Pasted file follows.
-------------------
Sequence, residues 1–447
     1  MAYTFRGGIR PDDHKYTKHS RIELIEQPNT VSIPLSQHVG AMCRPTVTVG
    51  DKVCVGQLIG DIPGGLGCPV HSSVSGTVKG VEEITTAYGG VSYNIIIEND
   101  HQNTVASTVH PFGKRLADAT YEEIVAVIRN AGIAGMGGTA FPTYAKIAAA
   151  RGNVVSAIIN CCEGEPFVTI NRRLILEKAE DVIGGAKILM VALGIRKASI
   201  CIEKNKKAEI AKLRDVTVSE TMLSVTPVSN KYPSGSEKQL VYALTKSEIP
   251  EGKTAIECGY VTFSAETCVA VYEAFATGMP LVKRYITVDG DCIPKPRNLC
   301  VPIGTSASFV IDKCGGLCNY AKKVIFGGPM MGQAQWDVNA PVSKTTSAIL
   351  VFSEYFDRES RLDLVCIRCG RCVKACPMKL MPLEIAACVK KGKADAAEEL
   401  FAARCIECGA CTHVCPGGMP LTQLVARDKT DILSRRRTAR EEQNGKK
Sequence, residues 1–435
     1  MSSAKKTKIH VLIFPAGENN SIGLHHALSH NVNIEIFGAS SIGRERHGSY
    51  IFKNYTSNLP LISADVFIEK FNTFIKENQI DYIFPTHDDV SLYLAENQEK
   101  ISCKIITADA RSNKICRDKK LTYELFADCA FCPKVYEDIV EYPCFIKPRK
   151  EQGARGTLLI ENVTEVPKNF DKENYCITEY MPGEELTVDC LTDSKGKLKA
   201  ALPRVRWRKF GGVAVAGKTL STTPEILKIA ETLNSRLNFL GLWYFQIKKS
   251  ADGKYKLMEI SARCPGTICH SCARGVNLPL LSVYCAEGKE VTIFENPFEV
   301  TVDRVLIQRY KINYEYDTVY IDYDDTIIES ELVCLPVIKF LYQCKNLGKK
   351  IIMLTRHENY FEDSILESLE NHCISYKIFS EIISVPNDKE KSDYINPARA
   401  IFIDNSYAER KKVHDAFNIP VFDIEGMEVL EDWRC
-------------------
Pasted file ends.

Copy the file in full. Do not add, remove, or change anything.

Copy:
Sequence, residues 1–447
     1  MAYTFRGGIR PDDHKYTKHS RIELIEQPNT VSIPLSQHVG AMCRPTVTVG
    51  DKVCVGQLIG DIPGGLGCPV HSSVSGTVKG VEEITTAYGG VSYNIIIEND
   101  HQNTVASTVH PFGKRLADAT YEEIVAVIRN AGIAGMGGTA FPTYAKIAAA
   151  RGNVVSAIIN CCEGEPFVTI NRRLILEKAE DVIGGAKILM VALGIRKASI
   201  CIEKNKKAEI AKLRDVTVSE TMLSVTPVSN KYPSGSEKQL VYALTKSEIP
   251  EGKTAIECGY VTFSAETCVA VYEAFATGMP LVKRYITVDG DCIPKPRNLC
   301  VPIGTSASFV IDKCGGLCNY AKKVIFGGPM MGQAQWDVNA PVSKTTSAIL
   351  VFSEYFDRES RLDLVCIRCG RCVKACPMKL MPLEIAACVK KGKADAAEEL
   401  FAARCIECGA CTHVCPGGMP LTQLVARDKT DILSRRRTAR EEQNGKK
Sequence, residues 1–435
     1  MSSAKKTKIH VLIFPAGENN SIGLHHALSH NVNIEIFGAS SIGRERHGSY
    51  IFKNYTSNLP LISADVFIEK FNTFIKENQI DYIFPTHDDV SLYLAENQEK
   101  ISCKIITADA RSNKICRDKK LTYELFADCA FCPKVYEDIV EYPCFIKPRK
   151  EQGARGTLLI ENVTEVPKNF DKENYCITEY MPGEELTVDC LTDSKGKLKA
   201  ALPRVRWRKF GGVAVAGKTL STTPEILKIA ETLNSRLNFL GLWYFQIKKS
   251  ADGKYKLMEI SARCPGTICH SCARGVNLPL LSVYCAEGKE VTIFENPFEV
   301  TVDRVLIQRY KINYEYDTVY IDYDDTIIES ELVCLPVIKF LYQCKNLGKK
   351  IIMLTRHENY FEDSILESLE NHCISYKIFS EIISVPNDKE KSDYINPARA
   401  IFIDNSYAER KKVHDAFNIP VFDIEGMEVL EDWRC